MatchQuarters' Super Bowl Preview
I use data and film review to give insight into the NFL's 'Big Game' in Vegas between the 49ers and the Chiefs.
Welcome to MatchQuarters’ Super Bowl preview. There is no need for a long lead-in; this game is about two elite coaches facing off in the NFL’s big game for the second time in five years. Using data visualizations and film, let’s take a look at the 49ers vs. the Chiefs in Las Vegas. There are a ton of external links to provide context as well.
49ers Defense vs. the Chiefs Offenses
When San Fransisco’s defense takes on the Kansas City offenses, it will be a matchup of complete opposites. The 49ers have one of the NFL's most ‘static’ defenses; what you see is generally what you get. Defensive Coordinator Steve Wilks has shown he wants to opt for ‘bully ball’ instead of trying to make QBs work post-snap, and rightfully so; he has one of the deepest D-line units in football. Conversely, the Chiefs run some of the highest rates of motion in the NFL.
When watching the film, the 49er's second-level defenders sometimes struggled with ‘split-action.’ Offenses will use quick motion one way and run the ball opposite. Teams had some success using quick motion to create 3x1s and running the ball back to the weak side, especially when there was a nub-TE. The Chiefs have this common attack in their arsenal.
It is not that Wilks is averse to blitzing or stunting the D-line. The 49ers will heat up an offense, but it needs to be the right situation. Looking at the chart above, Wilks is very conservative on early downs (1st/2nd) and 3rd & Short. He heats things up once an offense gets into a passing situation on 3rd Down (3-10 yards).
Most defenses opt not to blitz Mahomes, who happens to be elite versus the blitz. So, projecting this matchup to the Super Bowl, I don’t see Wilks shifting to a more aggressive game plan. San Fransisco enters the game with the league's lowest Blitz Rate (17.2%) and the sixth-lowest Stunt Rate. Those numbers may fluctuate a bit, but I don’t see San Fransisco doubling their pressure rate as the Chiefs did against the Ravens. The 49ers focus more on matchups up front with their deep roster of talented linemen.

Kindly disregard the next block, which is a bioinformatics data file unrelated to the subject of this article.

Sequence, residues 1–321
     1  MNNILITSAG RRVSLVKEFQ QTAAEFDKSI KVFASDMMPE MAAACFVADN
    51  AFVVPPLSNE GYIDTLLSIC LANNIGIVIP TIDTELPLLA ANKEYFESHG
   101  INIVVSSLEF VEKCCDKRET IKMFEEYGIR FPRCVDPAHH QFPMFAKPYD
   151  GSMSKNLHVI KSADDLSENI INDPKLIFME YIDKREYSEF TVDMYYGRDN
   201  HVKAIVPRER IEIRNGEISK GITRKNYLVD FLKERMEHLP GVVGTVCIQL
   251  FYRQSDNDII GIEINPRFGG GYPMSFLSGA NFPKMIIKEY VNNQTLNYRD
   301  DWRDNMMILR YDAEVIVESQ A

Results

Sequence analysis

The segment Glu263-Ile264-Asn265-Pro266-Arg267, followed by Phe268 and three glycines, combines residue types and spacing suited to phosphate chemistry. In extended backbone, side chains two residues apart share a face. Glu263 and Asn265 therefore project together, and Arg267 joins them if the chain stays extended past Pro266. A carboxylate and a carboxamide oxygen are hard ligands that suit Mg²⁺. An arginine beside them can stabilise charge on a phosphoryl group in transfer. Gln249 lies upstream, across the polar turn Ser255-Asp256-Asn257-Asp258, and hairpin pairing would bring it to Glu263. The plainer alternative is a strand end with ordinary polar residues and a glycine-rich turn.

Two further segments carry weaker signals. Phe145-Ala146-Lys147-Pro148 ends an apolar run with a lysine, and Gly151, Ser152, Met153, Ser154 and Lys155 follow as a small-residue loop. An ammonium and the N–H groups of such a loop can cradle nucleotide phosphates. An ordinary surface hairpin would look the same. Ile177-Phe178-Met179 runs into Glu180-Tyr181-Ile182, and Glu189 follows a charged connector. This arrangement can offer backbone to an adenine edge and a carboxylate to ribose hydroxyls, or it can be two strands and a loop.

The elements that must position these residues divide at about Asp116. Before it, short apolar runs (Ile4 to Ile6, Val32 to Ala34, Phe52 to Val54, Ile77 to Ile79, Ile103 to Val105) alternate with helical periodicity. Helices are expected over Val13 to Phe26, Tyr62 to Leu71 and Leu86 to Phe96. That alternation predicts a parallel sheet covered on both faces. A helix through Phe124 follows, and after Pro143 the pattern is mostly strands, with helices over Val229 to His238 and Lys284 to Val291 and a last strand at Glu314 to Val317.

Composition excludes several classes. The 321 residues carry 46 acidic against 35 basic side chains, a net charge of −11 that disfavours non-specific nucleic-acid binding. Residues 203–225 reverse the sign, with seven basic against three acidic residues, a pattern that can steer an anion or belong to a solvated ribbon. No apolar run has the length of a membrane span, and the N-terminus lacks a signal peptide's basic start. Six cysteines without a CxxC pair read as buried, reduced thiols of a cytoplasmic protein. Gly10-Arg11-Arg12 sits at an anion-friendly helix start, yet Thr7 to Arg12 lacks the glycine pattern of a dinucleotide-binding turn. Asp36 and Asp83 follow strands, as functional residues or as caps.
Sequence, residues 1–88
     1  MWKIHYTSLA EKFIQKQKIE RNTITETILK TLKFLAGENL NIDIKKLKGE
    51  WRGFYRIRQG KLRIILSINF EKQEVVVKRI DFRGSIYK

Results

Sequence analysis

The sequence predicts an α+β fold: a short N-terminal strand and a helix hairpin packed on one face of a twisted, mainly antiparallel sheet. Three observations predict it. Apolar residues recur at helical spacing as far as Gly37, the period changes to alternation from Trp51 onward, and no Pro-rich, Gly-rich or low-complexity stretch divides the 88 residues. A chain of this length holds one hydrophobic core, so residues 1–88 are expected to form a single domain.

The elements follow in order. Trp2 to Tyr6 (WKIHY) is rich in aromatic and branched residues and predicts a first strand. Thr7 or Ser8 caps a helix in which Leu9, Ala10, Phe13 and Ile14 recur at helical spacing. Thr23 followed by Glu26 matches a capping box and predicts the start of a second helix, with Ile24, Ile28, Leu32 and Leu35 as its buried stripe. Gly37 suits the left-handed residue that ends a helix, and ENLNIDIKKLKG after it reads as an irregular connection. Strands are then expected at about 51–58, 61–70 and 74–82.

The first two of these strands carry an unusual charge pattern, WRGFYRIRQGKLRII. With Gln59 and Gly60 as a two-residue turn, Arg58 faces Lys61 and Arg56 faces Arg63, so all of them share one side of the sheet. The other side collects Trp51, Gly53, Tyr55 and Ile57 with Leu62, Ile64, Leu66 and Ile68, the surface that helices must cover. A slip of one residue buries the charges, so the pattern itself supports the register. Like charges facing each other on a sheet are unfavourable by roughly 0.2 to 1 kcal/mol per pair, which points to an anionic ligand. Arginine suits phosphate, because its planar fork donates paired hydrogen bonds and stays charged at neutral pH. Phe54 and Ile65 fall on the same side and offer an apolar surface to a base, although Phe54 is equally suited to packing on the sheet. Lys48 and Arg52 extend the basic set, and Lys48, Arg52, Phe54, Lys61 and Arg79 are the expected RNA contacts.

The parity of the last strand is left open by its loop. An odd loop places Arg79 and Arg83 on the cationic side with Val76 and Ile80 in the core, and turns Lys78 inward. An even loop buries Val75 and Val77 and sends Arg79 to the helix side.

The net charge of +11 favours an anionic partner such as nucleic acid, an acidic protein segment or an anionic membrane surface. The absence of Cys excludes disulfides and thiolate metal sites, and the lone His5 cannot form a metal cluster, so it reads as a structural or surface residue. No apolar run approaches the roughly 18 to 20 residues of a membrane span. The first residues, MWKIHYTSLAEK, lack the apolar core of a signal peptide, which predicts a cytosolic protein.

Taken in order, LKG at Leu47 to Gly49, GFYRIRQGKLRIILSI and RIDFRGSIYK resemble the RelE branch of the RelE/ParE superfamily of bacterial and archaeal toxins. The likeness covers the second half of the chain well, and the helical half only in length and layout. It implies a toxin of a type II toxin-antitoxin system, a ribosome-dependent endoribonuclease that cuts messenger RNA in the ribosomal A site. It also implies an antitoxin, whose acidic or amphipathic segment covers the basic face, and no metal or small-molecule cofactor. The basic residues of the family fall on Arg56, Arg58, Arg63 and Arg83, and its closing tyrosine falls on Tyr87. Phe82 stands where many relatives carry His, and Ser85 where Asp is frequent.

The coverage system in San Fransisco is single-high dominant, with it being countered schematically by Quarters. Shanahan has maintained the same defensive philosophy since losing Robert Saleh to the Jets. Last year, Texans Head Coach Demeco Ryans was more Cover 3 dominant, while Wilks has sifted the team closer to a 50/50 mix.
Looking at the heat map for the 49ers compared to Mahomes, the Chiefs will most likely have to throw low in the zone and outside the numbers when developing a passing plan. Mahomes has struggled this year when throwing over 20 yards, with only two TDs and seven INTs, but this is more of an inditement on his WR corp than the best QB in the game. One area the Chiefs’ offense can target is the outside flat, which has been a common target for opponents against the 49ers’ soft zone coverage, and Kansas City is adept at hitting.
When watching the film of Reid's disciples (Giants, Jaguars, Commanders) against the ‘9ers, the outside flat area was consistently targeted. The Giants and Jaguars frequently took advantage of the soft, flat areas to stay ahead of the chains on early downs and to combat the pass rush from the 49ers. Mahomes will have to contend with the rush on standard passing downs, but early in the down, look for the Chiefs to attack the underneath areas of the 49ers’ coverages.
The Chiefs routinely attack a defense with stacks and bunches. The use of motion amplifies these concepts and gives Mahomes a pre-snap clue as to how the coverage will play out. One concept I can see the Chiefs running is from the Giants above. The outside WR will work into a Stack, only to then run a quick Out route into the exposed space.